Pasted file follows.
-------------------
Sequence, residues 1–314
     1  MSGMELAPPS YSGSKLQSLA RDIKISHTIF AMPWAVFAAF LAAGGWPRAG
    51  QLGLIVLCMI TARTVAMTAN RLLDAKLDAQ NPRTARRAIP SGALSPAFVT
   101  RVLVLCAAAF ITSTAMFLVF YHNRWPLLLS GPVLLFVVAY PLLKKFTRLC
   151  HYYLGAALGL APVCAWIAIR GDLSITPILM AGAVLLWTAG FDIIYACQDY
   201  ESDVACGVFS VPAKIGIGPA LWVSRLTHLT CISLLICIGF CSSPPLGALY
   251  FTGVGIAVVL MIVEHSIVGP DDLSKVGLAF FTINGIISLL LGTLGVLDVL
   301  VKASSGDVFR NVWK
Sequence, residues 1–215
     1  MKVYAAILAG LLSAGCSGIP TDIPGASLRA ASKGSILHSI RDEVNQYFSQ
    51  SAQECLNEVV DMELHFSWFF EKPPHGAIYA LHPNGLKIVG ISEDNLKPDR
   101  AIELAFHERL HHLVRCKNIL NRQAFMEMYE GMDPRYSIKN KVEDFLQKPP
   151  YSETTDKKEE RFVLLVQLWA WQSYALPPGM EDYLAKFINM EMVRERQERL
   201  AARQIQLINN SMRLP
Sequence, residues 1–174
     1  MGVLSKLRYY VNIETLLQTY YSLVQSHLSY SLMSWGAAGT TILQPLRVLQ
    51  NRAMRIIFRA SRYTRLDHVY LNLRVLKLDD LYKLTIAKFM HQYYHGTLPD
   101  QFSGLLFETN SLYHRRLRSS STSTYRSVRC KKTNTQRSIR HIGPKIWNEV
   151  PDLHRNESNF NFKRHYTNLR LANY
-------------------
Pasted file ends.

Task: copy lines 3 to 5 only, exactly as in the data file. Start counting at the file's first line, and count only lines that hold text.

    51  QLGLIVLCMI TARTVAMTAN RLLDAKLDAQ NPRTARRAIP SGALSPAFVT
   101  RVLVLCAAAF ITSTAMFLVF YHNRWPLLLS GPVLLFVVAY PLLKKFTRLC
   151  HYYLGAALGL APVCAWIAIR GDLSITPILM AGAVLLWTAG FDIIYACQDY